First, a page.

Field investigations on the treatment of MTBE and benzene from contaminated groundwater in pilot or full-scale constructed wetlands are lacking hugely. The aim of this study was to develop a biological treatment technology that can be operated in an economic, reliable and robust mode over a long period of time. Two pilot-scale vertical-flow soil filter eco-technologies, a roughing filter (RF) and a polishing filter (PF) with plants (willows), were operated independently in a single-stage configuration and coupled together in a multi-stage (RF+PF) configuration to investigate the MTBE and benzene removal performances. Both filters were loaded with groundwater from a refinery site contaminated with MTBE and benzene as the main contaminants, with a mean concentration of 2970±816 and 13,966±1998 μg L(-1), respectively. Four different hydraulic loading rates (HLRs) with a stepwise increment of 60, 120, 240 and 480 L m(-2) d(-1) were applied over a period of 388 days in the single-stage operation. At the highest HLR of 480 L m(-2) d(-1), the mean concentrations of MTBE and benzene were found to be 550±133 and 65±123 μg L(-1) in the effluent of the RF. In the effluent of the PF system, respective mean MTBE and benzene concentrations of 49±77 and 0.5±0.2 μg L(-1) were obtained, which were well below the relevant MTBE and benzene limit values of 200 and 1 μg L(-1) for drinking water quality. But a dynamic fluctuation in the effluent MTBE concentration showed a lack of stability in regards to the increase in the measured values by nearly 10%, which were higher than the limit value. Therefore, both (RF+PF) filters were combined in a multi-stage configuration and the combined system proved to be more stable and effective with a highly efficient reduction of the MTBE and benzene concentrations in the effluent. Nearly 70% of MTBE and 98% of benzene were eliminated from the influent groundwater by the first vertical filter (RF) and the remaining amount was almost completely diminished (∼100% reduction) after passing through the second filter (PF), with a mean MTBE and benzene concentration of 5±10 and 0.6±0.2 μg L(-1) in the final effluent. The emission rate of volatile organic compounds mass into the air from the systems was less than 1% of the inflow mass loading rate. The results obtained in this study not only demonstrate the feasibility of vertical-flow soil filter systems for treating groundwater contaminated with MTBE and benzene, but can also be considered a major step forward towards their application under full-scale conditions for commercial purposes in the oil and gas industries.
Simulation of constructed wetlands has two main tasks: to obtain a better understanding of the processes in constructed wetlands, and to check and optimise existing design criteria. This paper shows simulation results for two indoor pilot-scale constructed wetlands for wastewater and surface water treatment respectively. The results presented and discussed are mainly focussed on the hydraulic behaviour of the constructed wetland systems. In addition results of reactive transport simulations with CW2D are shown. The multi-component reactive transport model CW2D (Constructed Wetlands 2 Dimensional) was developed to model transport and reactions of the main constituents of wastewater (organic matter, nitrogen, and phosphorus) in subsurface flow constructed wetlands. For the pilot-scale constructed wetlands a calibration of the flow model was possible and therefore the results of the reactive transport simulations with CW2D fit the measured data well. The further research needs regarding the simulation of subsurface flow constructed wetlands are discussed.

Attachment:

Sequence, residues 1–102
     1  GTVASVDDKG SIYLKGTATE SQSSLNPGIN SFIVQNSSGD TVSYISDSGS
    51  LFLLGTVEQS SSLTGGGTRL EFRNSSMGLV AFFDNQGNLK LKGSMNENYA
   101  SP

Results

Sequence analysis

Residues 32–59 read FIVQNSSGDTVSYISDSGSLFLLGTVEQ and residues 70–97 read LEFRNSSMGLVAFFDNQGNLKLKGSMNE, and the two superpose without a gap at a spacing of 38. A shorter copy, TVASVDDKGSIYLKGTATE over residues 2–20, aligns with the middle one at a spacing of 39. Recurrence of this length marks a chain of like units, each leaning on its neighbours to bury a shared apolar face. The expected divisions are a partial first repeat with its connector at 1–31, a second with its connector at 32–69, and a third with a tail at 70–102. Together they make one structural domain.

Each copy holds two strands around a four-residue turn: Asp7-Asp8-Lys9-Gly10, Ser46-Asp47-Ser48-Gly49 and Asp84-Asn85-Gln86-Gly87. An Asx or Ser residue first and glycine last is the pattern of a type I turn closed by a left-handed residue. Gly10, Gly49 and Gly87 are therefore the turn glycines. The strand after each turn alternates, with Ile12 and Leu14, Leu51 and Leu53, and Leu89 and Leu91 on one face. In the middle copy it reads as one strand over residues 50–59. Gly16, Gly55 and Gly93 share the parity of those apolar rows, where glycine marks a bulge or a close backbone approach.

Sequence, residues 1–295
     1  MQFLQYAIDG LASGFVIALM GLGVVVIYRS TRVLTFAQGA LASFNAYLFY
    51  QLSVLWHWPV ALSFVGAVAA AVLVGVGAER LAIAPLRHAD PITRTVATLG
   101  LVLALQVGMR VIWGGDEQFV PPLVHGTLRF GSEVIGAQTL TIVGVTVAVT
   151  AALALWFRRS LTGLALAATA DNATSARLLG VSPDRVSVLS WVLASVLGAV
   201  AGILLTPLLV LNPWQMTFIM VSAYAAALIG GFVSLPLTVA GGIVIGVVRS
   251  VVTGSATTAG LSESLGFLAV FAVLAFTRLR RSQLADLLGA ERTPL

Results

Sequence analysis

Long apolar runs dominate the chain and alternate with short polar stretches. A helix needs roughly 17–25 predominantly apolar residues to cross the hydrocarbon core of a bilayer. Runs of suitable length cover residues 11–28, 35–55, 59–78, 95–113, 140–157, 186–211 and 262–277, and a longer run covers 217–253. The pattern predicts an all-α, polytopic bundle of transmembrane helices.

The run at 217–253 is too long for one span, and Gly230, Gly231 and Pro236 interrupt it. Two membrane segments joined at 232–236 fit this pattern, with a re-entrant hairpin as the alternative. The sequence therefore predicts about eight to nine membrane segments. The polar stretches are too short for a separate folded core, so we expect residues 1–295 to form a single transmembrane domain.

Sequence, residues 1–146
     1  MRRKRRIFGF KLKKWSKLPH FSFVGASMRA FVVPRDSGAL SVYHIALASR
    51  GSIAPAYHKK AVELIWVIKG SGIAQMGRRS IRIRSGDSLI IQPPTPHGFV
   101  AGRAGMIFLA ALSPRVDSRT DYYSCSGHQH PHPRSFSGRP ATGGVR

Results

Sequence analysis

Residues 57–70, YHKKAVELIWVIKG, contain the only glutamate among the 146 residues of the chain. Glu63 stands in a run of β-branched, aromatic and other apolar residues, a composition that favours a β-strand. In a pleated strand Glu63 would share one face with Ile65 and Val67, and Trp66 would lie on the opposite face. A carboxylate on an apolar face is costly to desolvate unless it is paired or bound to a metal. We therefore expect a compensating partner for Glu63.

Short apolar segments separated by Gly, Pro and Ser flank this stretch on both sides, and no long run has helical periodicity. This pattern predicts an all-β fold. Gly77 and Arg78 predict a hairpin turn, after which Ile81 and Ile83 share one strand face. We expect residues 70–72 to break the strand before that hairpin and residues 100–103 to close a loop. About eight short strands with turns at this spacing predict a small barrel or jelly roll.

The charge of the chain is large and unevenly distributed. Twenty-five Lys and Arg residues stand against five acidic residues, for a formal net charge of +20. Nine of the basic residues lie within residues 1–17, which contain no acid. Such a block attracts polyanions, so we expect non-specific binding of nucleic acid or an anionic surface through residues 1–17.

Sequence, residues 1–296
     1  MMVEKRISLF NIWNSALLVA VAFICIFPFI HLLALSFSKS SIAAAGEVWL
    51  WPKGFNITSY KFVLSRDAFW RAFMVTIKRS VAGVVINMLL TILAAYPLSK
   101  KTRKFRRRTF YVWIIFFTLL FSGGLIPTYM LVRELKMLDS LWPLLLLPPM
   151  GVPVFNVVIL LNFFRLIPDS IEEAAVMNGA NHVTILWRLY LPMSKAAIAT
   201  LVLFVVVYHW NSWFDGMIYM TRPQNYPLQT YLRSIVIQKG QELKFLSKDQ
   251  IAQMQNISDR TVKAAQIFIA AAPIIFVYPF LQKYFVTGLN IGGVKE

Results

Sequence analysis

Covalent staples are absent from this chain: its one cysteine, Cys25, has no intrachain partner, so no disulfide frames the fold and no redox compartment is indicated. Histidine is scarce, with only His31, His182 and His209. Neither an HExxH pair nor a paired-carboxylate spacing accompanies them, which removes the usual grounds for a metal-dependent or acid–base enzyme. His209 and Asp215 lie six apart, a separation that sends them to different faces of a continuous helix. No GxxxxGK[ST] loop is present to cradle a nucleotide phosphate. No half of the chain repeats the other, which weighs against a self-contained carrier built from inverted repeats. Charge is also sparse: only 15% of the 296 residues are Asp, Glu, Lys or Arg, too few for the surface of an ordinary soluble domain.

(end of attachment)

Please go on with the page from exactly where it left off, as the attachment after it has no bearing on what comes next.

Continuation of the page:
Constructed wetlands (CWs) use the same processes that occur in natural wetlands to improve water quality and are used worldwide to treat different qualities of water. This paper shows the results of an Austrian research project having the main goals to optimize vertical flow beds in terms of surface area requirement and nutrient removal, respectively. It could be shown that a subsurface vertical flow constructed wetland (SSVFCW) operated with an organic load of 20 g COD x m(-2) x d(-1) (corresponding to a specific surface area demand of 4 m2 per person) can fulfil the requirements of the Austrian standard regarding effluent concentrations and removal efficiencies. During the warmer months (May - October), when the temperature of the effluent is higher than 12 degrees C, the specific surface area might be further reduced. Even 2 m2 per person have been proven to be adequate. Enhanced nitrogen removal of 58% could be achieved with a two-stage system (first stage: grain size for main layer 1-4 mm, saturated drainage layer; and second stage: grain size for main layer 0.06-4 mm, free drainage) that was operated with an organic load of 80 g COD x m(-2) x d(-1) for the first stage (1 m2 per person), i.e. 40 g COD x m(-2) x d(-1) for the two-stage system (2 m2 per person). Although the two-stage system was operated with higher organic loads a higher effluent quality compared to a single-stage SSVFCW (grain size for main layer 0.06-4 mm, free drainage, organic load 20 g COD x m(-2) x d(-1)) could be reached.
Methane and trace organic gases produced in landfill waste are partly oxidized in the top 40 cm of landfill cover soils under aerobic conditions. The balance between the oxidation of landfill gases and the ingress of atmospheric oxygen into the soil cover determines the attenuation of emissions of methane, chlorofluorocarbons, and hydrochlorofluorocarbons to the atmosphere. This study was conducted to investigate the effect of oxidation reactions on the overall gas transport regime and to evaluate the contributions of various gas transport processes on methane attenuation in landfill cover soils. For this purpose, a reactive transport model that includes advection and the Dusty Gas Model for simulation of multicomponent gas diffusion was used. The simulations are constrained by data from a series of counter-gradient laboratory experiments. Diffusion typically accounts for over 99% of methane emission to the atmosphere. Oxygen supply into the soil column is driven exclusively by diffusion, whereas advection outward offsets part of the diffusive contribution. In the reaction zone, methane consumption reduces the pressure gradient, further decreasing the significance of advection near the top of the column. Simulations suggest that production of water or accumulation of exopolymeric substances due to microbially mediated methane oxidation can significantly reduce diffusive fluxes. Assuming a constant rate of methane production within a landfill, reduction of the diffusive transport properties, primarily due to exopolymeric substance production, may result in reduced methane attenuation due to limited O(2) -ingress.